Three Milestones to Smart Scaling: Part 1 of 3By: Chris Cassidy | August 28, 2018
From Mark Roberge’s Presentation at the 2018 Mainsail Executive Summit
Your company is at a turning point. Your product has proven its viability and you’re achieving high revenue retention, low churn and steady growth. You’re poised to take the company to the next level. So—where do you start?
We started by talking to Mark Roberge. Now a Senior Lecturer at the Harvard Business School, Mark was formerly the SVP of Sales at HubSpot, where he scaled revenue from $0M to $100M and expanded his team to 450 employees. An engineer by trade, Mark is known for designing data-driven systems that help companies anticipate and generate success in sales.
At the 2018 Mainsail Executive Summit, Mark shared his insights on creating a data-driven pathway to successful scaling.
“There are no magical formulas in sales,” said Mark. “There are, however, processes you can implement and data you can track to help make your sales predictable and scalable.”
Mark wove this data-driven approach into his advice for three major milestones to scale your go-to-market:
1) Experiment Phase: Focus on Customer Success
2) Experiment Phase: Nail Down the Unit Economics
3) Scale Phase: Growth and Moat
In this three-part series, we share key take-aways from each of Mark’s milestones.
Milestone #1: Experiment Phase—Focus on Customer Success
When it’s time to scale, many companies are inclined to sell whatever they can to whoever will buy it. “I call that over-optimism about the breadth of product/market fit across customer segments,” said Mark. To avoid this pitfall, Mark suggested prioritizing customer success by first segmenting your market and then focusing on certain subsections to gain rapid feedback, increase customer satisfaction and establish a data-driven go-to-market strategy.
Break up your market into actionable segments.
Rather than trying to be everything to everyone, start by segmenting your market based on two measurable metrics, as in this fictional company:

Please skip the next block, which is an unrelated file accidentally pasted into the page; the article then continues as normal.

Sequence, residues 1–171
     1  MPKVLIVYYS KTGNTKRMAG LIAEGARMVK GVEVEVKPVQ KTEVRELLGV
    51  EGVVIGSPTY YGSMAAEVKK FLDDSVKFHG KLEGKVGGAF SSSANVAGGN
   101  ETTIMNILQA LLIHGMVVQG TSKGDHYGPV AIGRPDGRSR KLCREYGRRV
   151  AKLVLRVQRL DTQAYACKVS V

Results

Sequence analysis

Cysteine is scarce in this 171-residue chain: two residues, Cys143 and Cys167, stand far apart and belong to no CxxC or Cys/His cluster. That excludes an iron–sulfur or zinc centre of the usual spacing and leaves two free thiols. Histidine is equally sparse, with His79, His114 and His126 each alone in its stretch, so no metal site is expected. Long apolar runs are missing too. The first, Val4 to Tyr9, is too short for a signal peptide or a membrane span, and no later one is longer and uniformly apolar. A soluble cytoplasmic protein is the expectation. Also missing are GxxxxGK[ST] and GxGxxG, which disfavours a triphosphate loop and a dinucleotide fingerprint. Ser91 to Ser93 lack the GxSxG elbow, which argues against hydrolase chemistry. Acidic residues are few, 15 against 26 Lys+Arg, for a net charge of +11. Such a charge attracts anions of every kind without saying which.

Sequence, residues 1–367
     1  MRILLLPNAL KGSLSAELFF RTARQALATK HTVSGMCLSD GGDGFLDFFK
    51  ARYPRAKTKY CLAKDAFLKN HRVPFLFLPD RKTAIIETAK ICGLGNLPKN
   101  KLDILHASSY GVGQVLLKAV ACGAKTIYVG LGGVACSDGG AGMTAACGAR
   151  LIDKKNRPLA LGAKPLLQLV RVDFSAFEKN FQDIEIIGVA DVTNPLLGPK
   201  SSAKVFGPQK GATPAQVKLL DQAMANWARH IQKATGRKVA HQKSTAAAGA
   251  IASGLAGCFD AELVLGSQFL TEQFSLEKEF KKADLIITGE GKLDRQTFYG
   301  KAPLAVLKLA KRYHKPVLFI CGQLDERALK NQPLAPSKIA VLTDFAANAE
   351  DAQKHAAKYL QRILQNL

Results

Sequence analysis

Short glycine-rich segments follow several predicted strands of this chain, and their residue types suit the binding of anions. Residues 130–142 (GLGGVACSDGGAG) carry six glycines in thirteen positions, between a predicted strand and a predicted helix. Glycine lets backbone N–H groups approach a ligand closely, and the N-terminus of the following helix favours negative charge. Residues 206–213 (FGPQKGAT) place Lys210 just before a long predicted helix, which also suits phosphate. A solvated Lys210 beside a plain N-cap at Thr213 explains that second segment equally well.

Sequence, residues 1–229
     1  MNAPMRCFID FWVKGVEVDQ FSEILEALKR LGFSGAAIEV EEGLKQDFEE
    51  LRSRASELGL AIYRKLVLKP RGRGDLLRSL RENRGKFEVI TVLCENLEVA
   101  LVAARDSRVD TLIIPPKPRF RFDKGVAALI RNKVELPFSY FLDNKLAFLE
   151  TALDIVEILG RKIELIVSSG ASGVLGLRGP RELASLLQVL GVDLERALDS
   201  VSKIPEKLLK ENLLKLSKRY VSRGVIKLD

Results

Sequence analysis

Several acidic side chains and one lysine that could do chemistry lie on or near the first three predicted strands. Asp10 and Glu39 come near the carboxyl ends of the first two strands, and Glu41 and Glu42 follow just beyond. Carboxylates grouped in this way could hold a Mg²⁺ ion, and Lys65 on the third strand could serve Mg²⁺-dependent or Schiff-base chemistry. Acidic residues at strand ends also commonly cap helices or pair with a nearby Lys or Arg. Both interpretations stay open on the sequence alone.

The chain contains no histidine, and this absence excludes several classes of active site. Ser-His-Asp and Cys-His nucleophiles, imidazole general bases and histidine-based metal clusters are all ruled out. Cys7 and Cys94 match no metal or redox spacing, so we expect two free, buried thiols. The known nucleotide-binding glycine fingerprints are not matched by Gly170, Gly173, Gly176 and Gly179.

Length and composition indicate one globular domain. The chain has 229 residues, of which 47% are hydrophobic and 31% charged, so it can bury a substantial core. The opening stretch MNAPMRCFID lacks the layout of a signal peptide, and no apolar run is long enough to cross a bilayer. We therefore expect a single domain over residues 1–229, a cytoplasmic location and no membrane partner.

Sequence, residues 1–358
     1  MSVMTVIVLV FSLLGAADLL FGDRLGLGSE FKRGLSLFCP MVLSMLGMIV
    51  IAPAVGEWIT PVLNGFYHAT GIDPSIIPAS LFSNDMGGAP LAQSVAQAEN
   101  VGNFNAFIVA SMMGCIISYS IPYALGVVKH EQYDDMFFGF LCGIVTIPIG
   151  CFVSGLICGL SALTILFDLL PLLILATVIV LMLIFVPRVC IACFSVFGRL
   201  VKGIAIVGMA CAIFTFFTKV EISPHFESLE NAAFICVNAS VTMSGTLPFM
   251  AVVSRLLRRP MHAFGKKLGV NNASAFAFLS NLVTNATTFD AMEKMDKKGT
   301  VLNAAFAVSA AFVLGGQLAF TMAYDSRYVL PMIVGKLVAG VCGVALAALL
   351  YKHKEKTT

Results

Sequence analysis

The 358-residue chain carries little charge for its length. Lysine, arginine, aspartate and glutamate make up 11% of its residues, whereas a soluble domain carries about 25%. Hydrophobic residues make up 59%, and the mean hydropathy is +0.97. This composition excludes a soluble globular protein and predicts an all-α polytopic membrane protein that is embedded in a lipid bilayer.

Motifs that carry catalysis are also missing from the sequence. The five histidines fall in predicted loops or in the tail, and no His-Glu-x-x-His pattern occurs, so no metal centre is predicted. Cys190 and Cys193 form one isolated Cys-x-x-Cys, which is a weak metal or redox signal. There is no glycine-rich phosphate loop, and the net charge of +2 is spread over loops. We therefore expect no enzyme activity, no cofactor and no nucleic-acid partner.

In Mark’s illustrative example he segmented based on “Size of Customer” and “Source of Customer” but suggested segmentation could be based on any number of attributes, including geography, industry, etc. Once segmented, look into the viability of each sub-market and determine which markets you should: Scale (healthiest, most viable), Experiment (showing potential) or Ignore (showing slowest growth).
“This exercise can help you make an executive decision about where you are ready to scale,” said Mark. “I’m not suggesting you permanently ignore the Ignore boxes, or perpetually experiment with the Experiment boxes, but at least you have a framework.”
“Experiment” Sections: Maximize learning with a small cross-functional team.
Now that your markets are segmented, make your “Experiment” segments ground-zero for education and product improvement. Focus your team-building on hiring innovators who are excited to improve the product, not just sell it. Pay attention to sales calls and swap notes across all departments regarding what is working. Vigorously gather feedback from every team member. Ruthlessly critique the business.
Find your leading indicators and instrument accordingly.
Churn is the ultimate trailing indicator, because your past performance does not necessarily indicate your future success. It is especially important in these Experiment segments to identify a leading indicator that can help predict product-market fit and client retention. For many businesses, customer satisfaction is a fairly accurate indicator of future performance. If Net Promoter Score tracking and regular client check-ins are positive, you can be more confident in future retention.
Once you’ve identified your leading indicator, embed it into your company structure by incentivizing your Customer Success team according to that metric.
Hone in on early adopter customers.
Identify and commit to clients who consider themselves early adopters. Often, those are the clients who will give you the most authentic feedback in real-time and allow you to more rapidly understand your product-market fit.
Among this set of clients, don’t worry too much about pricing. Rather, hand-pick customers with whom you will have a high likelihood of success and harness their enthusiasm to gain quality feedback.
Create a go-to-market playbook that meets the buyer in their journey.
As you learn more about your product-market fit, remember Mark’s original advice: there are no universal answers. Every go-to-market strategy needs to be individually created based on the context of the buyer’s journey: How complex is your product? What needs is it fulfilling for your buyer? What is the competition?
By focusing first and foremost on customer satisfaction, you remain in tune with your buyer’s journey and you’re able to serve them a satisfactory product.
NEXT UP: NAIL DOWN THE UNIT ECONOMICS
The first milestone of smart scaling, according to Mark Roberge, is to focus on customer success within specific “Experiment” segments of your market. This phase is critical for understanding product-market fit and the potential viability within the segment you’re testing, but you can’t ignore your company’s economics forever. In Part 2 of this series, we’ll share Mark’s strategies for validating the commercial viability of this segment.